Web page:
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When I disassemble this instruction using pad on Radare I get an LEA with rip

[0x00000000]> pad 8d 15 c8 90 04 08
lea edx, [rip + 0x80490c8]

I got this instruction from this post here I'm confused though why the disassembly shows rip + 0x80490c8, when the original post claims it's the equivalent of mov? Is this the right disassembled output? Why would the instruction pointer be in the LEA? Is that an implicit base, or did the original poster make a mistake?

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It is simply a matter of bits. In the example shown, the hexpairs are disassembled using 64bit assembly, and you probably want to change it to a 32bit assembly. Just tell radare that you are working with 32bits and it will do the job for you:

[0x00000000]> pad 8d 15 c8 90 04 08
lea edx, [rip + 0x80490c8]

[0x00000000]> e asm.bits =32

[0x00000000]> pad 8d 15 c8 90 04 08
lea edx, [0x80490c8]

Unlike 32bits modes instructions that were taken as absolute addresses (use 32-bit immediate offset addressing), the 64bits modes (a.k.a long-mode) are usually using 32-bit offset from the current RIP, not from 0x00000000 like before. That means that you don't have to know the absolute address of something you want to reference, you only need to know how far away it is from the currently executing instruction.

There are very few addressing modes which use a full 64bit absolute address. Most addressing modes are 32bit offsets relative to one of the 64bit registers (usually RIP).

  • that's interesting. I could see it happening the other way around, but I wonder how the 32 bit opcode got translated into the same 64bit opcode with the RIP operand (for free). – Evan Carroll Apr 16 '18 at 5:03
  • Added explanation for the reason behind. Again, simply the shift from 32bit to 64bit – Megabeets Apr 16 '18 at 5:21
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    @EvanCarroll - if you've been doing this for long enough to be familiar with it, it's similar to the way going from 16-bit code to 32-bit changed all your 'ax' (etc) references to 'eax': in each mode there are default settings that are designed to be sensible for that mode, which cause slight changes in the interpretation of each instruction. – Jules Apr 16 '18 at 8:09
  • @EvanCarroll: 32-bit x86 has 2 redundant ways to encode [disp32] (with no registers): with and without a SIB. x86-64 repurposed the without-SIB version to mean [RIP + rel32], leaving the longer with-SIB version to still mean [sign_extended_disp32] like when you use a disp32 with GP registers. In NASM syntax, [rel foo] vs. [abs foo], or use default rel. – Peter Cordes Apr 17 '18 at 4:57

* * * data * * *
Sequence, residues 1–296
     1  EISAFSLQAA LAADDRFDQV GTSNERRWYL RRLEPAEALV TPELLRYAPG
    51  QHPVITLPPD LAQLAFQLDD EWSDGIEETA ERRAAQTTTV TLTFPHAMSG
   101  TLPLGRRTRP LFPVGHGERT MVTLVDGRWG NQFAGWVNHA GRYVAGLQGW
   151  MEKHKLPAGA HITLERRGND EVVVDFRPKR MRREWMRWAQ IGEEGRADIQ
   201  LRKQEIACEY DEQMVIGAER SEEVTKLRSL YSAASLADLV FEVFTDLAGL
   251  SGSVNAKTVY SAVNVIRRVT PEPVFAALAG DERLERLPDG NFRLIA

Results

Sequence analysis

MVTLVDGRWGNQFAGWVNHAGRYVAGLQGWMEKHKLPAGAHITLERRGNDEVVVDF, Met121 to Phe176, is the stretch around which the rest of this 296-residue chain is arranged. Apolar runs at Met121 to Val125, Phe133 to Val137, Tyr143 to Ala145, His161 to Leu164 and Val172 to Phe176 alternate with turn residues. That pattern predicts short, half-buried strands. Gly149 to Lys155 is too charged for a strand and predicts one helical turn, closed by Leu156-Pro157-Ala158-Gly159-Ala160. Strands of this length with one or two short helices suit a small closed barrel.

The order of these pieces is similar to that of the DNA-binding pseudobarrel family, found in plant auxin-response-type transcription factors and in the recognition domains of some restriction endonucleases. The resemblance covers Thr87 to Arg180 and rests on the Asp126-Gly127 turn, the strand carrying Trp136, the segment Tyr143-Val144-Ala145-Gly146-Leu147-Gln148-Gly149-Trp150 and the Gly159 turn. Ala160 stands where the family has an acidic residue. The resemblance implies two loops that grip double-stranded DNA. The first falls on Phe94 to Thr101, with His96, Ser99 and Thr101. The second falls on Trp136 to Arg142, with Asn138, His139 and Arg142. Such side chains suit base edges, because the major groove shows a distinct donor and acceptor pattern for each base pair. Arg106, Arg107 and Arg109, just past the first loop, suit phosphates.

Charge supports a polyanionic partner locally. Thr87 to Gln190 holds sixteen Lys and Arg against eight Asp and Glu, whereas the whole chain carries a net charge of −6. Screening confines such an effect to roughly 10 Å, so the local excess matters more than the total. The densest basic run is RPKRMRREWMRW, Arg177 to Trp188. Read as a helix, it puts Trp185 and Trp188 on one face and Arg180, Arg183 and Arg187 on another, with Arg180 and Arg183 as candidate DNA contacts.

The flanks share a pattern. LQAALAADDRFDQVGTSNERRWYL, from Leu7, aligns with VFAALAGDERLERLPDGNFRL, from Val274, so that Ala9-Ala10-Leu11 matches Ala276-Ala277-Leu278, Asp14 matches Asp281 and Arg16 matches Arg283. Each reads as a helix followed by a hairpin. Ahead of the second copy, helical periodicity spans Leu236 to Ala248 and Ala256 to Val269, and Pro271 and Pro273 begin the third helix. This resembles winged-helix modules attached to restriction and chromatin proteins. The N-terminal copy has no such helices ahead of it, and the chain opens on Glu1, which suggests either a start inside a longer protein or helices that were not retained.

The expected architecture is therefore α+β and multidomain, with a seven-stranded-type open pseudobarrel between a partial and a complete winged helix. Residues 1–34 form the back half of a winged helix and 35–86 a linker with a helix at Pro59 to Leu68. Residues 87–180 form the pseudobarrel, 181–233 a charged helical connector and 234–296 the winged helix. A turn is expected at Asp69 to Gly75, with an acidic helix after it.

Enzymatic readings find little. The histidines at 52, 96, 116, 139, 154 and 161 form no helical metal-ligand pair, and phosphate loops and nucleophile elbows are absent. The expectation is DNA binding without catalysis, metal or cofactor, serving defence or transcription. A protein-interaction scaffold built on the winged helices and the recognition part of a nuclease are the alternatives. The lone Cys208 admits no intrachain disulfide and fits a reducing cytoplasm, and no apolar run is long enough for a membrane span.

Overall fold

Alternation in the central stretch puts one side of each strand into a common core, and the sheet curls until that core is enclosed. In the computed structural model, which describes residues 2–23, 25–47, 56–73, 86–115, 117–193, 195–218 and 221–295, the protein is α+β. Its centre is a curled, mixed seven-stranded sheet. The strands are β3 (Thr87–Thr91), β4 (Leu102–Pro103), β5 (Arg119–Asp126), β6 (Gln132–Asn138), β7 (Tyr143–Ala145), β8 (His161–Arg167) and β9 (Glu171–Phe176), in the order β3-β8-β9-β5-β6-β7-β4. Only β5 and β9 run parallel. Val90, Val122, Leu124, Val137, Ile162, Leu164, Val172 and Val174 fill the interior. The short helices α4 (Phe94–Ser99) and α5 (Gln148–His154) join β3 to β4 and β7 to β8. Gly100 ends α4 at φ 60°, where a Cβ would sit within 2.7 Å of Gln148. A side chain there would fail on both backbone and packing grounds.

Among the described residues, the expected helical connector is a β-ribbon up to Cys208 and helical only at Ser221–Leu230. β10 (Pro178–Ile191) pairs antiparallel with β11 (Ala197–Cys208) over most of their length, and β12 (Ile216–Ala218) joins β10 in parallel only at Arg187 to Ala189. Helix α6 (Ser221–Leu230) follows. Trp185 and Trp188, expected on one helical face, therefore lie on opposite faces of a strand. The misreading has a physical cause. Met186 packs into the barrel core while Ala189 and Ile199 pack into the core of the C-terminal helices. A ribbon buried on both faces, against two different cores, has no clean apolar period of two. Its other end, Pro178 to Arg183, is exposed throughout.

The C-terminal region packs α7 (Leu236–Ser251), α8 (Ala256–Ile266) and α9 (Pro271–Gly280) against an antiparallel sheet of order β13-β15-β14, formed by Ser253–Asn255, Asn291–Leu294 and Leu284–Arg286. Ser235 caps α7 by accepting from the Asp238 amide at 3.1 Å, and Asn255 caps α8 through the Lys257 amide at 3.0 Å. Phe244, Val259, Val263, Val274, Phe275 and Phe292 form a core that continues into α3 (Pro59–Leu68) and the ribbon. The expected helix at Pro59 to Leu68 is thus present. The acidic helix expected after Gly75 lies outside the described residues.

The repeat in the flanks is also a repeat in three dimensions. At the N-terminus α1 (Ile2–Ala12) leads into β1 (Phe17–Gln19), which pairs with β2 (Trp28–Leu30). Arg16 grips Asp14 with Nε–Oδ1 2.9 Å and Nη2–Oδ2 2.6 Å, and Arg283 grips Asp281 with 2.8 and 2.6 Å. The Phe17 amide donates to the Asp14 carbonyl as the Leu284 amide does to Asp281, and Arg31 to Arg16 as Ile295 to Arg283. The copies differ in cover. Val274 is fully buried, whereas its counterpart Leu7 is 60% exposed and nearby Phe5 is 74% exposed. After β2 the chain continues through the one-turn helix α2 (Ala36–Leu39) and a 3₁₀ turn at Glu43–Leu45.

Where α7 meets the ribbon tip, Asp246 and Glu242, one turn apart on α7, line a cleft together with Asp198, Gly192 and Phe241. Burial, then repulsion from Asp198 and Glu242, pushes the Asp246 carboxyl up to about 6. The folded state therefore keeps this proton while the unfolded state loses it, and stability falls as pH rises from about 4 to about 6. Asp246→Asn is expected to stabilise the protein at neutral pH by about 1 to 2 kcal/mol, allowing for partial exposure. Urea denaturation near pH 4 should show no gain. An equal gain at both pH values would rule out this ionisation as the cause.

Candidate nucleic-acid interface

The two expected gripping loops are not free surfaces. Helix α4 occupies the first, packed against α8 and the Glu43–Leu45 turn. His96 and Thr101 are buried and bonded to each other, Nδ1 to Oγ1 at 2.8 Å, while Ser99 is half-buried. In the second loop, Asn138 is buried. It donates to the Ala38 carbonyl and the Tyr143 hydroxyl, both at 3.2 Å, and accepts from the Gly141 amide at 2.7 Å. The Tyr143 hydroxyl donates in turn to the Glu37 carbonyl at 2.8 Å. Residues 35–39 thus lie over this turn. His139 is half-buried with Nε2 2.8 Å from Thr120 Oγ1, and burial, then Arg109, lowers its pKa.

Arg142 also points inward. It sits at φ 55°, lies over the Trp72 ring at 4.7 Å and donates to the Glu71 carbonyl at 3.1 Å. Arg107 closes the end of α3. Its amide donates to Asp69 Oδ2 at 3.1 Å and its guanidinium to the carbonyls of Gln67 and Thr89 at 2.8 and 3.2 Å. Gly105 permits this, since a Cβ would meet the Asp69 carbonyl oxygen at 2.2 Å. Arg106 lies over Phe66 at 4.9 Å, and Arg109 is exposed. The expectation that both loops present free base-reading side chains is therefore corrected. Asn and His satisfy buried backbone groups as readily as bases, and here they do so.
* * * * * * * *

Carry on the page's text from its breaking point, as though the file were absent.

• @Megabeets: Only the special mov al/ax/eax/rax, moffs form of mov (and the store form) use a full 64-bit / 8-byte absolute address. There are no ModR/M addressing modes that can be used with other instructions that accept more than an absolute disp32. So your last sentence could say that there aren't any normal addressing modes. Actually that's a little weird. normally, you just use small offsets relative to an address in registers, like [rdi + 8], or RIP-relative. But yeah in position-dependent code you can index a static array with [array + rdi]. – Peter Cordes Apr 17 '18 at 5:04
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32-bit x86 has 2 redundant ways to encode [disp32] (with no registers): with and without a SIB byte. Assemblers will of course always use the shorter form, and that's what the link in your question is showing.

You're disassembling as 64-bit machine code.

x86-64 repurposed the without-SIB version to mean [RIP + rel32], leaving the longer with-SIB version to still mean [sign_extended_disp32] like when you use a disp32 with GP registers. (RIP-relative is not available combined with any GP registers; only this one specific ModR/M encoding.)

In NASM syntax, [rel foo] vs. [abs foo], or use default rel.


AFAIK, lea r32, [disp32] instead of mov r32, imm32 is never useful for performance on any CPU I'm aware of, except to make an instruction longer on purpose instead of padding with NOP.

The only use-case for lea for static addresses is in 64-bit code with RIP-relative LEA.

See this canonical answer for more about LEA, but really this question has nothing to do with LEA specifically, and would have happened with any instruction that used a disp32 ModR/M addressing mode decoded in the wrong mode. You only ran into this because you found an example that compared using an inefficient lea with an efficient mov-immediate in 32-bit mode.

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